Quantcast
4S Ranch Allied Gardens Alpine Baja Balboa Park Bankers Hill Barrio Logan Bay Ho Bay Park Black Mountain Ranch Blossom Valley Bonita Bonsall Borrego Springs Boulevard Campo Cardiff-by-the-Sea Carlsbad Carmel Mountain Carmel Valley Chollas View Chula Vista City College City Heights Clairemont College Area Coronado CSU San Marcos Cuyamaca College Del Cerro Del Mar Descanso Downtown San Diego Eastlake East Village El Cajon Emerald Hills Encanto Encinitas Escondido Fallbrook Fletcher Hills Golden Hill Grant Hill Grantville Grossmont College Guatay Harbor Island Hillcrest Imperial Beach Imperial Valley Jacumba Jamacha-Lomita Jamul Julian Kearny Mesa Kensington La Jolla Lakeside La Mesa Lemon Grove Leucadia Liberty Station Lincoln Acres Lincoln Park Linda Vista Little Italy Logan Heights Mesa College Midway District MiraCosta College Miramar Miramar College Mira Mesa Mission Beach Mission Hills Mission Valley Mountain View Mount Hope Mount Laguna National City Nestor Normal Heights North Park Oak Park Ocean Beach Oceanside Old Town Otay Mesa Pacific Beach Pala Palomar College Palomar Mountain Paradise Hills Pauma Valley Pine Valley Point Loma Point Loma Nazarene Potrero Poway Rainbow Ramona Rancho Bernardo Rancho Penasquitos Rancho San Diego Rancho Santa Fe Rolando San Carlos San Marcos San Onofre Santa Ysabel Santee San Ysidro Scripps Ranch SDSU Serra Mesa Shelltown Shelter Island Sherman Heights Skyline Solana Beach Sorrento Valley Southcrest South Park Southwestern College Spring Valley Stockton Talmadge Temecula Tierrasanta Tijuana UCSD University City University Heights USD Valencia Park Valley Center Vista Warner Springs

Death, stabby and otherwise

Knives abound in this week’s new movie releases, including 78/52 and Suburbicon

78/52: “My, Granny, what a big knife you have!”
78/52: “My, Granny, what a big knife you have!”

Guns are fun, but when directors really want to paint the screen red, they go for the stabbing, slicing, slashing goodness of blades. And this week sees the opening of 78/52, a documentary about maybe the most famous knife killing in all of cinema: the Psycho shower scene. Psycho-phile Scott Marks mostly approved!

Movie

Suburbicon *

thumbnail

It may be possible — perhaps by squinting and turning your head just so and maybe crossing your eyes a touch — to see why director George Clooney juxtaposes, at a climactic moment, the sick comedic violence of a man finding himself unable to extract his golf club from the smashed face of the poor slob he just murdered with the sick dramatic violence of a white mob terrorizing the first black family to take up residence in a normally peaceful neighborhood. (And not just there, just most glaringly there.) Perhaps it’s to show the evil that lurks in the hearts of white men, even as they fret over what will happen when the blacks move in. Perhaps it’s to scold those who focus on future woes like declining property values and intermarriage while murder and blackmail go on right under their noses. But whatever the reason, it just doesn’t work: the narrative automobile lurches from fifth gear to first, then swerves into a white picket fence and bursts into flames. It doesn’t help matters that the blacks in question register more as dignified props than as characters, while the white folks involved in the opposing murder story are made to live and breathe. And that story coulda been something: a grieving child’s gradual and terrifying awakening to the rot under his own roof. Instead, the film feels like what it is: an awkward, bloody mashup of Coen Bros. tragicomedy (they’re credited on the screenplay) and Clooney earnestness. Matt Damon and Julianne Moore star.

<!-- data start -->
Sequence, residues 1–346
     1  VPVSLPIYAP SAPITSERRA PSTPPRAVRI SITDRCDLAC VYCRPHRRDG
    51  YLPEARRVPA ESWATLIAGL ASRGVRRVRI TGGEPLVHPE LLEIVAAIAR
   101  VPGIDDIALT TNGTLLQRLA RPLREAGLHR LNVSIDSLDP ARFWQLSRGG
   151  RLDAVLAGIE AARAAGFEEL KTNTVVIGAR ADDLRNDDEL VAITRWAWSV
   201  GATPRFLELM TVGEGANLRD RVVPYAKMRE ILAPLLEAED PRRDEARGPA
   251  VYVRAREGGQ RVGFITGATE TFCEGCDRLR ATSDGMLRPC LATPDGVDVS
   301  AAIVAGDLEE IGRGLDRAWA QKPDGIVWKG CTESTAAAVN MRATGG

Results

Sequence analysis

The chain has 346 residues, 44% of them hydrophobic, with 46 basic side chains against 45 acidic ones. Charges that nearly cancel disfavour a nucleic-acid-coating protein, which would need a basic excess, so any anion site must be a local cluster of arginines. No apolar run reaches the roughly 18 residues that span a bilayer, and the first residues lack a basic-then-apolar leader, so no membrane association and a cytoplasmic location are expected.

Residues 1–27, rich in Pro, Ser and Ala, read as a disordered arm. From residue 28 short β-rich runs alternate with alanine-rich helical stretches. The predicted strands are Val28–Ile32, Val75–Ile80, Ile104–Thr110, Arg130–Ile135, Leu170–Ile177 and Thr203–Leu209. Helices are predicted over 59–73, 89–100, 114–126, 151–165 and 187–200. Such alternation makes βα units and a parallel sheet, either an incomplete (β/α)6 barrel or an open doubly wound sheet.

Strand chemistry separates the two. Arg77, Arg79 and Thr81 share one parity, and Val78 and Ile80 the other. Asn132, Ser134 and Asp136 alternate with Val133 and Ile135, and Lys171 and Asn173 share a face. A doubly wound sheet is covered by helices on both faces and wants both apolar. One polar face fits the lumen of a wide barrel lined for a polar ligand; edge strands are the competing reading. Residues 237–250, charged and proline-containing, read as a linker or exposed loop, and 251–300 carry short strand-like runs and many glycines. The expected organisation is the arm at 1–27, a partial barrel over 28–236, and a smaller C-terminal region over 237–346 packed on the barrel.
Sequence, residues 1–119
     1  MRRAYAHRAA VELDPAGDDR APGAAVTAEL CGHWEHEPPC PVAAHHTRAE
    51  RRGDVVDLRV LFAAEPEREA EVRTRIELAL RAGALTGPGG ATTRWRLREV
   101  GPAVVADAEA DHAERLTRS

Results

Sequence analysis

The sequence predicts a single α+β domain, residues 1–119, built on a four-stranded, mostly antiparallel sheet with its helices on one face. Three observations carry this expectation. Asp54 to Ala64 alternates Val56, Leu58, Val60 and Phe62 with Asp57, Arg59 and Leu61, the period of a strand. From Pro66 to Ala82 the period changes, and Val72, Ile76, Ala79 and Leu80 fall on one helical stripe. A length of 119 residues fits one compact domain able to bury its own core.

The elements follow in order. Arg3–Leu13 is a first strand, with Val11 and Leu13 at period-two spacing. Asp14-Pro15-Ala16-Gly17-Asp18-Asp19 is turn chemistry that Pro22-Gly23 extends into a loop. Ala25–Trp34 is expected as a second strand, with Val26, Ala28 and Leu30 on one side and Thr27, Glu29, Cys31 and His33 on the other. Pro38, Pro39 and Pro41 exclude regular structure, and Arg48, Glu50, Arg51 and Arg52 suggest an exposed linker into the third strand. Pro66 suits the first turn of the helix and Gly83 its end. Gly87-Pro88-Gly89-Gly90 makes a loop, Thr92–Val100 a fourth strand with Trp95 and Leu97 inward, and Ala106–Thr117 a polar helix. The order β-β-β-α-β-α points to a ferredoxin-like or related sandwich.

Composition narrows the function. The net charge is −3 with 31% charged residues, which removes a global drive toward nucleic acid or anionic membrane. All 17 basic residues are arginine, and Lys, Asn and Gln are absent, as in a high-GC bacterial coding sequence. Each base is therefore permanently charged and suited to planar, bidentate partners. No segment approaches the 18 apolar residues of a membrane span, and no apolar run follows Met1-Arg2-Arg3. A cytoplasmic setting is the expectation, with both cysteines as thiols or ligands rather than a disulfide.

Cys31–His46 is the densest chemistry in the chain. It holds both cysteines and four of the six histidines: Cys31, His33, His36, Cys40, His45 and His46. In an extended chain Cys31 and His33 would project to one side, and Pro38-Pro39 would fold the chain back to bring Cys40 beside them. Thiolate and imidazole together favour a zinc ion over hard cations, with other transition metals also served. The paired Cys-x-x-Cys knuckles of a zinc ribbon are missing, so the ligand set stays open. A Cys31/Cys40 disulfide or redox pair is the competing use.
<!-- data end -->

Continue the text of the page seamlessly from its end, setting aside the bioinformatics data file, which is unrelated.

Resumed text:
Find showtimes

There’s a stabbing death in George Clooney’s Coen-Brothers-plus-progressive-conscience Suburbicon as well, and while it doesn’t get as much play as the beating and poisoning, it does leave more of an impression than the shooting. And the wartime stabbing death in Tom of Finland makes a big impression on the film’s homosexual hero, so much so that his sister blames his gayness on it, at least at first. (And speaking of wartime and death, Scott was not a fan of the damaged-vet drama Thank You For Your Service.)

And it should go without saying that folks get cut to ribbons in Jigsaw. (It didn’t screen for us critical types, but a little bat told me that Scott may take it in this weekend and report back.)

The Departure departs from the death-dealing, but not too far: the doc concerns a Buddhist priest who spends his days trying to talk people out of suicide.

But the big non-lethal feel-good movie of the week has got to be the road trip/art doc Faces Places. (Unless it’s Nobody’s Watching — not sure on that one, because, well, nobody here watched it.)

Here's something you might be interested in.
Submit a free classified
or view all

Previous article

Covid dating – this is what courting is

"Do you hug? You’re not going to shake hands.”
Next Article

Sweet meets heat at Fluster Cluck Hot Chicken

A revamped Nashville chicken stall dishes crispy and spicy enough tenders
78/52: “My, Granny, what a big knife you have!”
78/52: “My, Granny, what a big knife you have!”

Guns are fun, but when directors really want to paint the screen red, they go for the stabbing, slicing, slashing goodness of blades. And this week sees the opening of 78/52, a documentary about maybe the most famous knife killing in all of cinema: the Psycho shower scene. Psycho-phile Scott Marks mostly approved!

Movie

Suburbicon *

thumbnail